You will not be allowed to register but the local authority may advise you on how to improve so that you can be registered. If you are neither registered nor in the process of registering, it is an offence to let a property. There is a right of appeal.
How much of my information will members of the public be able to see online?
Members of the public will be able to view the register on the Internet. By entering your name, they will be able to see whether you are registered. By entering the address of one of your properties they will be able to see your name, your agent's name if you use one, and the contact address which you have selected for that property.
If an application has been made but has not yet been considered by the local authority the register will show that an application is under consideration.
If your registration has been refused, the register will show that an application has been made but refused. Similarly if your registration has been revoked, the register will show that an application has been approved then subsequently revoked. However, no further detail will be displayed on the further register.
I jointly own a property with someone else, how will that work?
All joint owners must register. If the other joint owners are members of your family, you should nominate one of your number as the lead owner. The lead owner will pay the full fee; the other joint owners will pay a discounted fee.
How will I benefit from registration?
Registration will help local authorities to remove disreputable landlords from the market. This will remove the unfair competition of landlords who provide poor housing or inadequate management.
How much will it cost?
A principal fee (per landlord) for registering of £55, plus £11 for each property . You may also be eligible to pay a discounted fee if you fall into one of the following categories:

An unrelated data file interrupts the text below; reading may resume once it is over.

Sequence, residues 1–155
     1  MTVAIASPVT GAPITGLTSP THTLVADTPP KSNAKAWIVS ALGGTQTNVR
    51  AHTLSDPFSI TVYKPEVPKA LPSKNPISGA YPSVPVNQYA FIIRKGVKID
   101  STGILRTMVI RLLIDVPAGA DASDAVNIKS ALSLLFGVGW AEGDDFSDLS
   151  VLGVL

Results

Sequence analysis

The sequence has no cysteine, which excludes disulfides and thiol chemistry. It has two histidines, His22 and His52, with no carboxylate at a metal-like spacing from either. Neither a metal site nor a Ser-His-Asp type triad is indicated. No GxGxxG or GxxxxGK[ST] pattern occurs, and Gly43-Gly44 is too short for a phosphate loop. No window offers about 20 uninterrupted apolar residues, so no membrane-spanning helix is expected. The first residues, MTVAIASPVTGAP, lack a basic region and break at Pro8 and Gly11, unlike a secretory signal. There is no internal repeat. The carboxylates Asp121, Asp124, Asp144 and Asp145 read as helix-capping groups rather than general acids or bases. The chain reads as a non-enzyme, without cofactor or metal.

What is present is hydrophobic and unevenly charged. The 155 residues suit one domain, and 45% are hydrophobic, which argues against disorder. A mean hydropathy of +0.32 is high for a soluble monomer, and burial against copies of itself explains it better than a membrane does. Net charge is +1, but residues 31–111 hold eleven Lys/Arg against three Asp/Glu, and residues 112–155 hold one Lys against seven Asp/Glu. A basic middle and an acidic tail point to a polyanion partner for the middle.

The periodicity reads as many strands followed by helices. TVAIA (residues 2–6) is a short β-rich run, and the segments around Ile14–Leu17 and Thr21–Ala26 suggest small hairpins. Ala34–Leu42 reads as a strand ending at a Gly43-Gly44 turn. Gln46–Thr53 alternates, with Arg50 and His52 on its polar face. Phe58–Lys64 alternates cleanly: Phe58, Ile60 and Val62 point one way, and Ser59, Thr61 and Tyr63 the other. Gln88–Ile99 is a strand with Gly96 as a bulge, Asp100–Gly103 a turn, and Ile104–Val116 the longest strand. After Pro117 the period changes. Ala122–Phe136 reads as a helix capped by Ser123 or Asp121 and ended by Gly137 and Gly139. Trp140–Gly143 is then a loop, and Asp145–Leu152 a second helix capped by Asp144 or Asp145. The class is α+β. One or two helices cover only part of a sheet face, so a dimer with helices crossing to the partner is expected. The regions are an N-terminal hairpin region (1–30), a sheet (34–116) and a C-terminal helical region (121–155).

- have an HMO licence
- joint own a property with a family member
There is also an additional penalty fee of £110 which can be applied to landlords who fail to submit an application following two reminder letters from the local authority.
When a landlord notifies a local authority later that they have now appointed an agent (only where the agent is not registered in their own right) the local authority can charge the landlord the principal fee to carry out the fit and proper person test.
If you apply online to more than one local authority in a single transaction, you will receive a 50% discount (consecutive local Authority discount) on the principal fee for both Local authorities.
However, if you apply to add a single authority at a later date you will not be entitled to a consecutive local Authority discount on your original transaction, this will only apply to subsequent applications for additional authorities.
An extra £11 will be payable on each property which you own. Agents do not have to pay a fee for properties they manage.
How long does registration last?
Registration lasts for three years from the date your application is approved by the local authority. After three years you will have to make an application to renew your registration. A fee will be charged.
From here to registration
- Complete registration form or apply online
- Pay fee
- Reply to any queries from the local authority
- Sign and return printed application details received from the local authority
- Receive confirmation of registration from the local authority (valid for three years)
- Notify any changes as they occur
Three years later: